The new Spanish government is heading down a path of austerity and budget control to nudge the country into economic shape for European monetary union by the decade's end.
But newly elected Prime Minister Jose Maria Aznar isn't expected to make any major changes in the country's past programs that have lured U.S. and other multinationals with a scheme of investment incentives to the Iberian peninsula.
FOREIGN INVESTORS STILL WANTED
''I don't think the climate is going to change,'' said Adolfo Estevez, director of foreign investment at the Trade Commission of Spain in New York City. ''People were tired of the old government after 13 years in power. But I don't think there are going to be any big changes. The government still wants foreign investors.''
Spain's investment star has waned a bit since its entrance into the European Community in 1986. At that time, many U.S. and other multinationals viewed its low labor rates and educated work force as a magnet for setting up production facilities that could then distribute goods to the rest of the newly merged Europe.
Now, as the average hourly compensation rests at $11 a hour and market reform has swept through developing countries around the world, many U.S. companies have taken their dollars to less expensive locales in Latin America and Asia. Still, U.S. multinationals are the top foreign investors in Spain with $1.25 billion in the country at the end of 1995.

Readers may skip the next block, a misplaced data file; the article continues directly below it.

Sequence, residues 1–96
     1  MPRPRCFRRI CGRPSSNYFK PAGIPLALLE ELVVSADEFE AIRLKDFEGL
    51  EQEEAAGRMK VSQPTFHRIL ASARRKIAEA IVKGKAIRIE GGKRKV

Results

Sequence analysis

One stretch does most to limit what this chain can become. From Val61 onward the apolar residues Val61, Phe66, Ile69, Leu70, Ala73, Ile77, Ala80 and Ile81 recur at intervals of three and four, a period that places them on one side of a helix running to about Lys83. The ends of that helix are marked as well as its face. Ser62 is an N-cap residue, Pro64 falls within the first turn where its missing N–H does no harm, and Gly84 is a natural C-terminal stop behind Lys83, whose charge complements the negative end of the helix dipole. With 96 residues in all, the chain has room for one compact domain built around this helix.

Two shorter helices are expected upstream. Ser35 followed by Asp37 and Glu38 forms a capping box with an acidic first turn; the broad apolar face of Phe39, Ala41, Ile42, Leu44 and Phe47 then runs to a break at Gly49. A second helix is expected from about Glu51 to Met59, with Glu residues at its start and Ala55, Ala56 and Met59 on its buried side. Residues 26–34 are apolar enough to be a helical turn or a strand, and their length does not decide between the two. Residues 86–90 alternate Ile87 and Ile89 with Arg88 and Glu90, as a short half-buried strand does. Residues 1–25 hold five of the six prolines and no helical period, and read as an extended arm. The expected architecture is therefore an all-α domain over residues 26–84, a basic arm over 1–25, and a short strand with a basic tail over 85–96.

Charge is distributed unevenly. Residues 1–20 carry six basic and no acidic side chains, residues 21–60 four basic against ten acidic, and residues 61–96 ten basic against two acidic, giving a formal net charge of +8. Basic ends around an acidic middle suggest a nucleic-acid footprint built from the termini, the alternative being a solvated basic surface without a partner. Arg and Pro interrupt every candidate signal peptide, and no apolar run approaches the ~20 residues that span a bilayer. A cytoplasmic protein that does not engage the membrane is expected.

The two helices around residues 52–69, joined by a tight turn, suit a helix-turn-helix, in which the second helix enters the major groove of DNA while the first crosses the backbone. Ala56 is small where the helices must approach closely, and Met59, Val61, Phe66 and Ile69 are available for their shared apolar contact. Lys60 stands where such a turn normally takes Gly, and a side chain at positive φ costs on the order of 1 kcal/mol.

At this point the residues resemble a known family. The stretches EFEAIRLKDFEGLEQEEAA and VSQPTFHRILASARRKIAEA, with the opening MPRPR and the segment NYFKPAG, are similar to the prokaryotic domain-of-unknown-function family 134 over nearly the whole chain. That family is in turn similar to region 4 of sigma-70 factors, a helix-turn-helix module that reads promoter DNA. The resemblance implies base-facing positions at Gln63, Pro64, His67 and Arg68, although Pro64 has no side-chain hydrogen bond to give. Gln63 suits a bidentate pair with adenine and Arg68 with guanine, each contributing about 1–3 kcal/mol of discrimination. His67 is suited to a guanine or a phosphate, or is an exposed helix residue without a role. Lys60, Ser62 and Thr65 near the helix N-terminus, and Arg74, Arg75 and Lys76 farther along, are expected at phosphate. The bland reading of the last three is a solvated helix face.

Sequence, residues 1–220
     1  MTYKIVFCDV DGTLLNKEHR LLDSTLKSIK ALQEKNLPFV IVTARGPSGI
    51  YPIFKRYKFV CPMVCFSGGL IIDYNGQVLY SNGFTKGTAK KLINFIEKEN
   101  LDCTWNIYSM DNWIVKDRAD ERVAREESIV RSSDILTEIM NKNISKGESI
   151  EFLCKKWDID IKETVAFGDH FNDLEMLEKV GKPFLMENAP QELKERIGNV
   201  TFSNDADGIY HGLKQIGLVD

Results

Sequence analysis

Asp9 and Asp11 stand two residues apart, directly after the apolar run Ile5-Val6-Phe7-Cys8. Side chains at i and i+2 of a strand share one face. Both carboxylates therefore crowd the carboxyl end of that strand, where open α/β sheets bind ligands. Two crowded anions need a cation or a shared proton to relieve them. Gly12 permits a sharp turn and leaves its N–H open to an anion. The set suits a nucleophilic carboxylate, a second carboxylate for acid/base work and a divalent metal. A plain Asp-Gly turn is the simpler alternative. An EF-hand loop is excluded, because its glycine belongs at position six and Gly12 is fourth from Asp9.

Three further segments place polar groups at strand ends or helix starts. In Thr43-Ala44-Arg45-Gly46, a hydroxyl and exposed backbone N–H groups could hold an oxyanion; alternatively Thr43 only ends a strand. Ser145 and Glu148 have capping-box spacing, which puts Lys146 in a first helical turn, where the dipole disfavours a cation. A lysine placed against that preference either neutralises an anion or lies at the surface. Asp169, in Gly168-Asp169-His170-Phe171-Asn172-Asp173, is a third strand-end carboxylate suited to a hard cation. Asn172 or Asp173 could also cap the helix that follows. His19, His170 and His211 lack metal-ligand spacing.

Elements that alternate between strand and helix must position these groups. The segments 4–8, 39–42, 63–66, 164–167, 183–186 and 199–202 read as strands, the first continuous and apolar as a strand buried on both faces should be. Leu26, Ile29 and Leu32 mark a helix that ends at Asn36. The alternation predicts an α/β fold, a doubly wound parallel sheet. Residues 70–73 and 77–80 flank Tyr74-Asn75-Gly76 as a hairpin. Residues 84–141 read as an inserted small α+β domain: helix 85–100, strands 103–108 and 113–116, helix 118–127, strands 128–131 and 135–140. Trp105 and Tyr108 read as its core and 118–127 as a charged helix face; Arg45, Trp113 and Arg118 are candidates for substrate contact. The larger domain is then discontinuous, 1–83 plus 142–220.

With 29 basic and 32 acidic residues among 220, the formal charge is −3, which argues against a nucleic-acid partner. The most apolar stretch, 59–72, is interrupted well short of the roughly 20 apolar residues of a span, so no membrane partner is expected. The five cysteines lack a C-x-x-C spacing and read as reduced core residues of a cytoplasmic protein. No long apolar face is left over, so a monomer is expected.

SPENDING CUTS TOP PRIORITY
For Mr. Aznar, a conservative 43-year-old former tax inspector, the top priority is cutting spending and getting the Spanish economy in line so it can join the planned European Union single currency in 1999.
Sworn into power on Sunday by King Juan Carlos, Mr. Aznar heads the first Popular Party government since democracy was installed in Spain 20 years ago. And with the new 14-member Cabinet scheduled to hold its first session today, Spanish politics is embarking on a new era after 13 years of Socialist rule under outgoing Premier Felipe Gonzalez.
Mr. Aznar has a lot of work to do as the Socialists have left a government debt of $359 billion, 22.7 percent unemployment and a bloated and unwieldy public sector.
Jordi Hereu, an executive with a Barcelona management company, said the business community in Spain is behind continued integration with the European Union. But one danger facing Spain's continued growth is the economic slowdown in France and Germany, where importers have been large buyers of Spanish goods, Mr. Hereu said.
''The priorities of the next government are the same as the last one . . . to be able to accomplish the goals of the European Monetary Union,'' Mr. Hereu said. ''To do that, the government has to reduce its government debt.''
Mr. Hereu is national marketing manager at Cilsa, a company developing the Barcelona Logistics Zone. The area include the Port of Barcelona, the airport and a free-trade zone.
HOW ELIGIBILITY IS DECIDED
Each European country's eligibility for the European Monetary Union will be decided on the basis of each state's 1997 economic performance.
Spain's inflation rate appears to be on track, with the Bank of Spain predicting a rate below 3 percent this year. But government debt is at about 65 percent of the gross domestic product and could be reduced slightly to 63 percent or 64 percent. That still is above the European guidelines of 60 percent of GDP.
Analysts say the big test for Mr. Aznar will be whether he can slash the budget deficit, the gap between state revenue and spending, to 3 percent of GDP by 1997. The rate was 5.8 percent in 1995.